Laura Toups Berland of the Urban Design Group, agent for the applicant, said the developer has committed to make 20 percent of the project affordable housing. “We are excited about that,” she said. The PUD plan is to have about 70,000 square feet of offices and shops. The developed section will have a 64-acre greenspace around it, Toups Berland said.

Commissioner Sterling Lands said, “We are in such dire need in our city of housing that I think the goal of this project should be a goal for other developers to build reasonable, even if not affordable, housing.”

Vice Chair Betty Baker said she could not support the project because she did not believe such density is appropriate at that location. “The Land Development Code says (a PUD) should result in something that is superior to conventional zoning.” She said she did not think the project would be superior and she was concerned about the impact of putting “affordable or reasonable housing out there so far from employment. You’ll be putting a lot of traffic on (Highway) 290–so I do not support this development,” she said.

New Planning Commissioner Silver Garza joined Commissioners Jim Robertson, Ben Heimsath, Ray Vrudhula, Cravey and Lands in voting for the zoning change. Baker and Mather voted no and Commissioner Susana Almanza was absent.

Same song, third verse…The City Council is scheduled to meet at 9 in One Texas Center’ s third floor conference room. Since the road bonds passed with five votes on Monday, they do not require another vote. However, Council Member Daryl Slusher’s plan to place $13.4 million returned to the city by the Austin Museum of Art on the November ballot requires two more readings. That plan, which would reallocate the money for greenspace, received only four votes, but can be finally approved on Thursday. Council Members Beverly Griffith and Danny Thomas apparently will try once more to talk their colleagues into putting more bonds, for parks, recreational facilities and housing on that same ballot. Their plan has only gotten three votes on two prior occasions… Big girls don’t cry…Betty Baker, vice chair of the Planning Commission, wants everyone to know that she did not “burst into tears” at last week’s meeting, as reported in the Austin Chronicle. Baker said she had called the reporter and offered him a large sum of money if he could find her crying on a videotape of last week’s meeting. The reporter has not returned her call, she said… All about numbers…The Water and Wastewater Commission will meet at 6 p.m. tonight at the Waller Creek Center to hear about the utility’s budget. A presentation on new impervious cover regulations has been postponed because Pat Murphy, deputy environmental services manager for the Watershed Protection Department, is undergoing surgery on his injured hand. We wish him a speedy recovery… Seeking nominees… The Mayor’s Committee for People with Disabilities is seeking nominations for Employer of the Year, Employee of the Year and several other awards. For more information, call 499-2292….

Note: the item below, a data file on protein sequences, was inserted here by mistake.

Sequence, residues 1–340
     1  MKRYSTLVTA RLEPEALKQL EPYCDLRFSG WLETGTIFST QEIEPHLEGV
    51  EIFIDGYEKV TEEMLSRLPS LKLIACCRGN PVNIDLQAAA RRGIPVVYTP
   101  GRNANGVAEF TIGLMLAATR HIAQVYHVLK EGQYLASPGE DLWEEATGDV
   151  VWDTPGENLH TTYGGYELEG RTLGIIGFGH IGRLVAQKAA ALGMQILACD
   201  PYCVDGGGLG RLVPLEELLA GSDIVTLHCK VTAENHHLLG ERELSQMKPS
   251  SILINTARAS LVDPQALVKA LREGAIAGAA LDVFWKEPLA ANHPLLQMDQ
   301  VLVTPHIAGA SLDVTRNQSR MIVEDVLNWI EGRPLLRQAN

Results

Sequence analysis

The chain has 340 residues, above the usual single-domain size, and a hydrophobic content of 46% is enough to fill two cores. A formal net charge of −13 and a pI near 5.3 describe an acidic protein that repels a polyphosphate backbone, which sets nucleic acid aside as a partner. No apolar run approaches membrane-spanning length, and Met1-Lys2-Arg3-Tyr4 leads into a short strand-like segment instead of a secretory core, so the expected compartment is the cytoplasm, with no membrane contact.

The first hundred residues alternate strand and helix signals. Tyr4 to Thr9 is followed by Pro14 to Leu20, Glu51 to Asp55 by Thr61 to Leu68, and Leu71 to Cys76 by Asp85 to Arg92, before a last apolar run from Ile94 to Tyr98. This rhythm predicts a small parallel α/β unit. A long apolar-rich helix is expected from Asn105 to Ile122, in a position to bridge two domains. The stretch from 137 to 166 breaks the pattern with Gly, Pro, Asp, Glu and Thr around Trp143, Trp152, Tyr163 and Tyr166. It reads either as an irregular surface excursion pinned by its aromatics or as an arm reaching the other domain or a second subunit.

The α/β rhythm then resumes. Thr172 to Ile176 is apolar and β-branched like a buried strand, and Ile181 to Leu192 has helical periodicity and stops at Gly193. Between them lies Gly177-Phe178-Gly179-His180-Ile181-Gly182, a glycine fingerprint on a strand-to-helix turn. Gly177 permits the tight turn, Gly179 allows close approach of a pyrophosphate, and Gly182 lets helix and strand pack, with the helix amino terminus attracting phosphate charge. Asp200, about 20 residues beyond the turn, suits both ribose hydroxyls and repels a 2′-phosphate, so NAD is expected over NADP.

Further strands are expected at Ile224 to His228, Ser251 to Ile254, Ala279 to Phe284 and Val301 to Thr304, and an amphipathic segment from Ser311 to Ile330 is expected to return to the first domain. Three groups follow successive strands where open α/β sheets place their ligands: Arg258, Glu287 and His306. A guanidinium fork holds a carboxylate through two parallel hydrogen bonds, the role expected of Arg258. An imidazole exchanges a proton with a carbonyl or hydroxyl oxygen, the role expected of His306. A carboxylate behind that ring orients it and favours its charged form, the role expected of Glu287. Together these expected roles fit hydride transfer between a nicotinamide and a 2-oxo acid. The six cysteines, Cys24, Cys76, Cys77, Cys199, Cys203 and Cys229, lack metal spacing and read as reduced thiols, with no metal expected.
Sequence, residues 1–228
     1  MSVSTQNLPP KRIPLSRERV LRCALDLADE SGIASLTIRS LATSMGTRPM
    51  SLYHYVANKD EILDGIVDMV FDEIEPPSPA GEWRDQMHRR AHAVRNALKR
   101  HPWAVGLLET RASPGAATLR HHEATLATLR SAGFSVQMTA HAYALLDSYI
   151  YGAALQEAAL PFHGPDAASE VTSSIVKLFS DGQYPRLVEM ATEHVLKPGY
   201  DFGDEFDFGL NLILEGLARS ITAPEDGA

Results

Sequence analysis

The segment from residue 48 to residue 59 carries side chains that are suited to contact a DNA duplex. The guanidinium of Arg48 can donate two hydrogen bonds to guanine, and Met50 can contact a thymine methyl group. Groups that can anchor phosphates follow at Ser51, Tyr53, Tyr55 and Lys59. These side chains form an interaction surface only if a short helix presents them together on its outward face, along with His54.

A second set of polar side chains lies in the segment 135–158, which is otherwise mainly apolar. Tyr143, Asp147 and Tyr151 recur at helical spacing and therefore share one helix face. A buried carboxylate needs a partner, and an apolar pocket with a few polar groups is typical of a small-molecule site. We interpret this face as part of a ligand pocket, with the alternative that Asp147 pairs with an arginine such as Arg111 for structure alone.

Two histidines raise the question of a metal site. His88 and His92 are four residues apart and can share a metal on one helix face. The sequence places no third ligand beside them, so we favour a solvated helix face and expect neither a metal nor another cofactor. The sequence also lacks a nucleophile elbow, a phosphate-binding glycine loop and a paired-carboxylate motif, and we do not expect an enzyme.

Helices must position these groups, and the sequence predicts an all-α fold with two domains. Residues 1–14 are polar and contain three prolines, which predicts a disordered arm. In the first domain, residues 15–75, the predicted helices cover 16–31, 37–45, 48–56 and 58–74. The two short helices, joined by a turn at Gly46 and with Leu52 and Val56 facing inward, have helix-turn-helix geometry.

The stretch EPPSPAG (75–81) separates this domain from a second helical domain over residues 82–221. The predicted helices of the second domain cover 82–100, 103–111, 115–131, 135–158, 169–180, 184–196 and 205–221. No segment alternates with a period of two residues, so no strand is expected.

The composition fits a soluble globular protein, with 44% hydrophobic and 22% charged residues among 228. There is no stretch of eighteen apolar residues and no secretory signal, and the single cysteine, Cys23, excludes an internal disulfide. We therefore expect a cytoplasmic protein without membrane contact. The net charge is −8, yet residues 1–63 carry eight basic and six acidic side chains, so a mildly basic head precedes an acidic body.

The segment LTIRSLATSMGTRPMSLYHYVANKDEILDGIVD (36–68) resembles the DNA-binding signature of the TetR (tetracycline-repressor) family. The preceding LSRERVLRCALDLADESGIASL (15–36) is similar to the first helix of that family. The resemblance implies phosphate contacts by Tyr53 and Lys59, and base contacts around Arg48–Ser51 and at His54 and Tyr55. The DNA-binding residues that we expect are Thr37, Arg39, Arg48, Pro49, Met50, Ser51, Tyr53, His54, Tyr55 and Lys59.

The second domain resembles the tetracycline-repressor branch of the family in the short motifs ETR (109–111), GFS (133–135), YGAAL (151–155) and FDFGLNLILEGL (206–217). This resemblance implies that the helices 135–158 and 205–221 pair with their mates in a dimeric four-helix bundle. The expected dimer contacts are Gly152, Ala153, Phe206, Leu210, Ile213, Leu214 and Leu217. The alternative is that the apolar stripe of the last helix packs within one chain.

© 2000 In Fact News, Inc. All rights reserved.